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Klimt's tiny flecks of truth

August 26, 2007|Sharon Mizota | Special to The Times

ONCE deemed pornographic, Gustav Klimt's golden, mosaic-like paintings of sensuous women and ecstatic couples are no longer shocking. But for writer-director Raúl Ruiz, they offer a window into a pivotal time in history.

In "Klimt," opening Friday, Ruiz evokes the paintings' shimmering surfaces and delves beneath them to capture the opulence and uncertainty of early 20th century Vienna. Starring John Malkovich as Klimt, the film begins as the artist is dying of syphilis in 1918 and proceeds in hallucinatory fashion through the last 18 years of his life. Ruiz, 66, who has made more than 50 films in the last 20 years in Chile and Europe, firmly established himself as a cinematic maverick with his use of nonlinear storytelling, dramatic color effects and unexpected points of view, and his work here is inspired by the fragmented, circular narratives of Austrian writer Arthur Schnitzler -- a Klimt contemporary. In other words, it's not the usual biopic.

Ruiz describes the film as a fantasy. "Klimt is dying. He remembers his life, but it's maybe not exactly his life. . . he was wondering what should be his life."

What emerges is a portrait of a successful yet conflicted painter whose challenging, psychologically complex work embodied the birth of the modern era. Yet he was, says Ruiz, "the opposite of the revolutionary artists that we see all the time in cinema. He's not a revolutionary artist in the sense of Picasso . . . that tried to destroy and create new forms. He [was] trying to make connections." (He definitely connected with the art world after his death: Last year, his 1907 portrait of Austrian socialite Adele Bloch-Bauer fetched $135 million, unseating a Picasso for the highest published price for a work of art sold at public auction.)

The Klimt conjured by Ruiz is an artist caught between the lure of commercial success and his creative freedom. Pulled by opposing forces in his personal life as well, he lived with long-term partner, Emilie Flöge (played by German actress Veronica Ferres) for many years while indulging in myriad affairs, most often with his models. Although it is not depicted in the film, Ruiz learned in his research that when Klimt died, 40 people came forward claiming to be his heirs.

"He's not a moral icon," says Ruiz. "He's far from that, but he has something that I like: the way he tried to make his work as best as he can, knowing that he will go inside of all kinds of contradictions."

Ruiz sees Klimt's embrace of opposites as a reflection of the world around him. In the wake of the Industrial Revolution, Europe was modernizing at a rapid pace, with dramatic changes in every aspect of society. For those in Klimt's circle, it was a time of incredible wealth, luxury and licentiousness, but with World War I looming, it also felt like the last gasp of a golden era.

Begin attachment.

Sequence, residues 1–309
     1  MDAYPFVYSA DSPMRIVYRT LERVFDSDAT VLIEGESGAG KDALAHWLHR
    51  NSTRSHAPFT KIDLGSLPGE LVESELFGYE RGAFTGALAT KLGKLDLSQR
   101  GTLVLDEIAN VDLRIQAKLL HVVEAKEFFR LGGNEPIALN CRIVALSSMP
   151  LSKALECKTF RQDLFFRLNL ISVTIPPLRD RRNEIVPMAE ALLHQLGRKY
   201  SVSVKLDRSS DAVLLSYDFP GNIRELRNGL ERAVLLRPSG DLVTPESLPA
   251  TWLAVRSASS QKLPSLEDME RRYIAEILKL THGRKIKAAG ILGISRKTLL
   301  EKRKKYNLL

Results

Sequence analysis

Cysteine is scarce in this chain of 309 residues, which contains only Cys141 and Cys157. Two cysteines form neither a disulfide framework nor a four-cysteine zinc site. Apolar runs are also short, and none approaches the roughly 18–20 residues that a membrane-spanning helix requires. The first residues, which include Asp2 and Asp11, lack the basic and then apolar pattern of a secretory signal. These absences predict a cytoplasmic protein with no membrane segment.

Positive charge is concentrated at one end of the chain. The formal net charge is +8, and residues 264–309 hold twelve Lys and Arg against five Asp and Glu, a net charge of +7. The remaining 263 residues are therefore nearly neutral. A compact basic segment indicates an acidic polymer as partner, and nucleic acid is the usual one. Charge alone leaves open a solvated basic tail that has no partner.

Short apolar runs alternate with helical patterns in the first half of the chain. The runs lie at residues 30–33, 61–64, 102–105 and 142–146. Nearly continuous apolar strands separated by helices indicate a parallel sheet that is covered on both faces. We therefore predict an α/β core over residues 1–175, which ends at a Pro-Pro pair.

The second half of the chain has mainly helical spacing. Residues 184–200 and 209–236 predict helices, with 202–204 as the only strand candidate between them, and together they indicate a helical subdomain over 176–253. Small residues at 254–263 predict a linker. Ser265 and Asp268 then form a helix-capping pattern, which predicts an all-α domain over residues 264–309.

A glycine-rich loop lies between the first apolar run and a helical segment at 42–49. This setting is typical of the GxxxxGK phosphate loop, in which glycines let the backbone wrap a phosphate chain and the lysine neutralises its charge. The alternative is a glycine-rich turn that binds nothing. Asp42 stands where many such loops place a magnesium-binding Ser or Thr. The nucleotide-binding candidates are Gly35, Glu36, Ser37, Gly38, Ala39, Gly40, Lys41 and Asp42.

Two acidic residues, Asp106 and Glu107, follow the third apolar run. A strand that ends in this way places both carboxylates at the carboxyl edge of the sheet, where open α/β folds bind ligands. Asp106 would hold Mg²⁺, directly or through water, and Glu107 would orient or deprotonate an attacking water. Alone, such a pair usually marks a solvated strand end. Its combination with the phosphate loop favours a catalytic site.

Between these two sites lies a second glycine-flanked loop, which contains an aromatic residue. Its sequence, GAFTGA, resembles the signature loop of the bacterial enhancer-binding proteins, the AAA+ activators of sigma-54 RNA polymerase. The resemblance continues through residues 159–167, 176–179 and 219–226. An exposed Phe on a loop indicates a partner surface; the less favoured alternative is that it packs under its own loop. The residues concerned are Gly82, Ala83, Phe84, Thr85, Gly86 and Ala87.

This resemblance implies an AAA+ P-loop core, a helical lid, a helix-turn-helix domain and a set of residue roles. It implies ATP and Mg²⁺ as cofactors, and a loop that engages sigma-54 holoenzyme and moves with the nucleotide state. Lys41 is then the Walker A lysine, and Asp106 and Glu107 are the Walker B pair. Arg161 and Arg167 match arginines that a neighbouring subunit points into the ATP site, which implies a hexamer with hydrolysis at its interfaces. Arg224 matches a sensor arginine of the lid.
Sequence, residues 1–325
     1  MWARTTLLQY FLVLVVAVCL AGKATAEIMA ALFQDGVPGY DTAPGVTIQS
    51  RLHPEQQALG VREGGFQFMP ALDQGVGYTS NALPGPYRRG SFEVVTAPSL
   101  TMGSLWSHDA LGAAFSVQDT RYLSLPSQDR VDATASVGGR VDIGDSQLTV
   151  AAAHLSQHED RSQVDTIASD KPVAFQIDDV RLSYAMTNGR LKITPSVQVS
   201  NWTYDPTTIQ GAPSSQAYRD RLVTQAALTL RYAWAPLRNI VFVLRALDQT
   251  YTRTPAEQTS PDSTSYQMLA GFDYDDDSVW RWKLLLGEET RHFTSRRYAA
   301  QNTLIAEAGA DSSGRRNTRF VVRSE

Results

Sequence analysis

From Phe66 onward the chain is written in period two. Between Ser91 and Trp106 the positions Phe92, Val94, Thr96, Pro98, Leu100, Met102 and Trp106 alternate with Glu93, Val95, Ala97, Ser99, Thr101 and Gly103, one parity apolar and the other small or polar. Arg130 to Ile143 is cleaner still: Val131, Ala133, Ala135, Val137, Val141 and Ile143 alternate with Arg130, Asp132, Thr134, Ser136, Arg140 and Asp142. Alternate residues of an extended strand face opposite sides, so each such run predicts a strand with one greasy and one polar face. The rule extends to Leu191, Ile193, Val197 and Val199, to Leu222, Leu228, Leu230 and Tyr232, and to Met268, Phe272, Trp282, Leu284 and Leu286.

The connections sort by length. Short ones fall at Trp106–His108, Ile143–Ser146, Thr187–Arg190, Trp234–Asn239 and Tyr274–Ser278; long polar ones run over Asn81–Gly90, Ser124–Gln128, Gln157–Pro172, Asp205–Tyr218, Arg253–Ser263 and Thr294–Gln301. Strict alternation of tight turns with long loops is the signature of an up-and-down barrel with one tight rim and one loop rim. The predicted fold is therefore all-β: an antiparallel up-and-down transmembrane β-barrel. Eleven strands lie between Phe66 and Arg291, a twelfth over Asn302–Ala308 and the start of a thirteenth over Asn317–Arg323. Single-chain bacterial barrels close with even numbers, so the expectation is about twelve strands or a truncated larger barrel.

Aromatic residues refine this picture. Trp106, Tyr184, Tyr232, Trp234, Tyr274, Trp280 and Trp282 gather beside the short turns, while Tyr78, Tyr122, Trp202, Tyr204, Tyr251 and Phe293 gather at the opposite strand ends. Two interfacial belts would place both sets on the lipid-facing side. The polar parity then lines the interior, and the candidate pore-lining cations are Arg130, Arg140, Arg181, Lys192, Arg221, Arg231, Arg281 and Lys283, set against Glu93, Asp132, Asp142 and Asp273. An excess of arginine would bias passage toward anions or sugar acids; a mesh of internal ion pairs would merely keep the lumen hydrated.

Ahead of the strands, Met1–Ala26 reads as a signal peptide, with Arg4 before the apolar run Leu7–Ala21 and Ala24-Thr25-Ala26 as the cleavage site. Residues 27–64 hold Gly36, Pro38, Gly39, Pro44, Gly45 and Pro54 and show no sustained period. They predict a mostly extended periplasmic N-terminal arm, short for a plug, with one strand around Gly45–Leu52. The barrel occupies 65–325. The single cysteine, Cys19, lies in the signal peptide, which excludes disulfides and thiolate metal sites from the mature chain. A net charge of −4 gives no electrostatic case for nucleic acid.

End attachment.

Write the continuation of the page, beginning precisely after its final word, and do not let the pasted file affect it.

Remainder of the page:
Ruiz says he wanted to give the film, which opened in Europe last year to mixed reviews, a sense of this desperation. The war is represented in several scenes by a wild-eyed character in uniform who repeatedly disrupts the mannered, refined surfaces of Klimt's reverie by shouting, "News from the front!" Layering those worlds, Ruiz says, let him explore the idea of "the invention of new forms in art and the destruction of old forms, at the same moment that something horrible is coming."

It was his vision of Klimt as an ambivalent icon of the early modern era that inspired Ruiz to make the film. "Everything was happening in Vienna," he says, "Freud, the innovation in music, it was a great period in Europe."

Fractured imagery

Ruiz's fascination with that time, he says, "came from my childhood in Chile, where so many Viennese artists escaped from Europe during the second World War. Vienna was. . . something very important for a Chilean in the '40s and '50s." Many of the émigrés that he encountered as a boy were Jewish artists, and he recalls that his mother and her friends read Austrian authors such as novelist Stefan Zweig. "There was something mysterious about the deep sense of defeat in the Austrians, and I saw something of that in the Klimt paintings. I tried to create this universe, this pictorial atmosphere of the painting," he says.

To evoke the golden, swirling surfaces of Klimt's images, he used a range of low-tech effects including some that the artist used to create his own fractured imagery. One scene opens with rippling reflections of naked women in a pool of water; it soon becomes clear that the pool and the women -- who are swinging from the ceiling in makeshift hammocks -- are set up inside Klimt's studio.

Other effects directly mimic the look of the paintings. In one scene, Ferres suddenly appears with gold leaf on her lips as the background palpates with misty, golden patterns. A heated argument in a cafe is shot on a turntable so that the actors are spinning around the room. And in one extravagant party scene, groups of guests, shot from the waist up, glide back and forth on wheeled platforms set on rails.

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